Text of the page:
19 April 2019
Dairy farm operator Huishan saw about US$4 bln wiped off its market value amid reports of liquidity problems and dodgy accounts. Photo: Huishan Dairy
Dairy farm operator Huishan saw about US$4 bln wiped off its market value amid reports of liquidity problems and dodgy accounts. Photo: Huishan Dairy

The straw that broke Huishan Dairy’s back

China Huishan Dairy Holdings (06863.HK) set a dubious record on the Hong Kong bourse last Friday as its shares plunged nearly 90 percent in the space of just over an hour.

The chill has been felt by a number of the Chinese firm’s creditors, such as Ping An Insurance Group Co. of China (02318.HK) and Far East Horizon (03360.HK).

Jilin Jiutai Rural Commercial Bank Corp. (06212.HK) saw its stock dive 8.7 percent on Monday. The small bank, it turns out, is the second largest creditor of Huishan, having extended more than 2 billion yuan in loans.

Huishan Dairy remains suspended from trade following last week’s tumble.

The dairy farm operator’s crash, from a certain perspective, was triggered by a report released by short-seller Muddy Waters Research Group, but in an indirect and unusual way.

Muddy Waters had in December published a negative report on Huishan, accusing the firm of faking a rare business model—self production of cow feed to achieve a higher profit margin — and suggesting that Huishan shares are almost worthless.

Based in the northeastern city of Shenyang, Huishan has claimed that it is self-sufficient in alfalfa (used to feed cows) by growing it in-house.

It’s widely known that alfalfa represents 60 percent of costs for dairy firms. Alfalfa self sufficiency hence would enable a company to boost the gross profit margin nearly 10 percentage points more than the peers.

The alfalfa self production niche was one of Huishan’s selling points when it launched its initial public offering in 2013.

Growing alfalfa requires a massive amount of land, the right climate and a lot of know-how. Currently, no other big dairy company has been able to do that.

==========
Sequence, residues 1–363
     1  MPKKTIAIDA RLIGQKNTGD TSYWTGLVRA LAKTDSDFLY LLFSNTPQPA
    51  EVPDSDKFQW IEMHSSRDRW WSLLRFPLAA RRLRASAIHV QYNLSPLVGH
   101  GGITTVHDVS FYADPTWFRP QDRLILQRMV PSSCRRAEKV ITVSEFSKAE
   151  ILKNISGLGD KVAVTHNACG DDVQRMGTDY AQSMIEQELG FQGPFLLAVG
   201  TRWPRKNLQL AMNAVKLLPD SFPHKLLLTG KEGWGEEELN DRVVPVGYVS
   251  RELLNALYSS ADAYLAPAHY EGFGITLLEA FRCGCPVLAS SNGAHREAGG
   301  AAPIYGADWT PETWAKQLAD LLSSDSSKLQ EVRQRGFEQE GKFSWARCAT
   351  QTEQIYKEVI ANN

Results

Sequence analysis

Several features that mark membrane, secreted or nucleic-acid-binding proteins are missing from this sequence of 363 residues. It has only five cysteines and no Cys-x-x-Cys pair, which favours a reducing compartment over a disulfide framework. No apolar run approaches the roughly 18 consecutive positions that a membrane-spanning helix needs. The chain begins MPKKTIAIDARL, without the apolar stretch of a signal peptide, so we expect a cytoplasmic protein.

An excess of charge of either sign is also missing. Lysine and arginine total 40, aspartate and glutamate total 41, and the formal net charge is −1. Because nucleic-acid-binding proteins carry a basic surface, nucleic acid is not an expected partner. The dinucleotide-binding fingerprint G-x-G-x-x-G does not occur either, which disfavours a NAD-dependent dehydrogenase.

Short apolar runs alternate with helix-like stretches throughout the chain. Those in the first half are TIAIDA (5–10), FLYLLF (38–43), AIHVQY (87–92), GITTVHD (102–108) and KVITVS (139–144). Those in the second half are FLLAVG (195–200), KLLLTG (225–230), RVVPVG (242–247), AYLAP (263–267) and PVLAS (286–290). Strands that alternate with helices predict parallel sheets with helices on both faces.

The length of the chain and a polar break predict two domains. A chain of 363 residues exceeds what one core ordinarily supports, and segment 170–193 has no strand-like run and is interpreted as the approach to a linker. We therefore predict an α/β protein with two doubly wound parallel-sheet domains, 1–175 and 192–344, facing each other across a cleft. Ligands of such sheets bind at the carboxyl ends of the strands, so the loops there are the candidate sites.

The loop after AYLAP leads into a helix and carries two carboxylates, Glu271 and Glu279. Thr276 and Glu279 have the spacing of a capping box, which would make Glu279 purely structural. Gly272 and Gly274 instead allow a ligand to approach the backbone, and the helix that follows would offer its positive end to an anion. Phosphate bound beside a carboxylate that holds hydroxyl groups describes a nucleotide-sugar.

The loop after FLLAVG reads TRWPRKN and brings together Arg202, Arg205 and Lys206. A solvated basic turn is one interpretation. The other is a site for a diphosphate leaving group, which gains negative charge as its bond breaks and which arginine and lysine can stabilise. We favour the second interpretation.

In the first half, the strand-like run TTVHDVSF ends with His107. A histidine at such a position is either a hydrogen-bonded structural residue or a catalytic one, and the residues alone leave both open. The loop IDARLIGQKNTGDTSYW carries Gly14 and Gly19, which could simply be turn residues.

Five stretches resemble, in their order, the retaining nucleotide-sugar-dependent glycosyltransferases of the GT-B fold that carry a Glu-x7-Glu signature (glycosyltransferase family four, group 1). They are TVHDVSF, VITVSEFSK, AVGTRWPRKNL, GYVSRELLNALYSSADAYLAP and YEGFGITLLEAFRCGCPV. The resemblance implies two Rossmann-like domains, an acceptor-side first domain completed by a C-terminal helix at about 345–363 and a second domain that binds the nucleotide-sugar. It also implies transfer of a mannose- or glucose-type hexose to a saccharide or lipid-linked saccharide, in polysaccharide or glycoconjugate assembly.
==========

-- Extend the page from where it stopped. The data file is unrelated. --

Some people harbored doubts about Huishan’s claim but couldn’t get any real proof.

To find out the truth, Muddy Waters sent investigators to visit 35 farms, five production facilities and two production sites of Huishan.

The on-site visits showed that Huishan had stockpiled a large quantity of alfalfa imported from American company Anderson Hay in its warehouse. So Muddy Waters came to the conclusion that Huishan was lying and that it has been overstating its profits.

Still, Huishan’s shares had held steady after the report, until last Friday when the meltdown happened.

The immediate trigger for Huishan’s collapse was actually a news report that the Liaoning government convened a conference last Thursday with 23 creditor banks to discuss Huishan Dairy’s debt.

It’s rumored that its bankers had conducted an audit of the firm and found a large number of forged invoices and that the firm’s controlling shareholder had misappropriated up to 3 billion yuan to invest in Shenyang real estate market.

Shenyang property market happened to be the exception amid China’s real estate boom, as the city had a high level of inventory. Huishan was said to have suffered terribly from its property investments.

The company confirmed on Tuesday that it had missed some loan repayments and that it is having grave difficulties in raising enough cash. But it denied the fund misappropriation allegation.

Apparently, although the market didn’t take Muddy Waters’ report seriously earlier, the fresh news report drew the attention of Huishan’s lenders.

As they conducted auditing exercises to make sure things are okay, some of them accidentally discovered some irregularity in the firm’s finances, which eventually led to the share price crash.

Carson Block, founder of Muddy Waters Capital, said he was surprised by the share price plunge.

“It’s definitely not what I expected to happen. I haven’t ever been involved with a stock that holds this steady pattern for a few months after our initial report, and then just crashes with no advance warning — that’s the first time for me,” Block said.

This article appeared in the Hong Kong Economic Journal on March 28

Translation by Julie Zhu

[Chinese version 中文版]

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Hong Kong Economic Journal columnist

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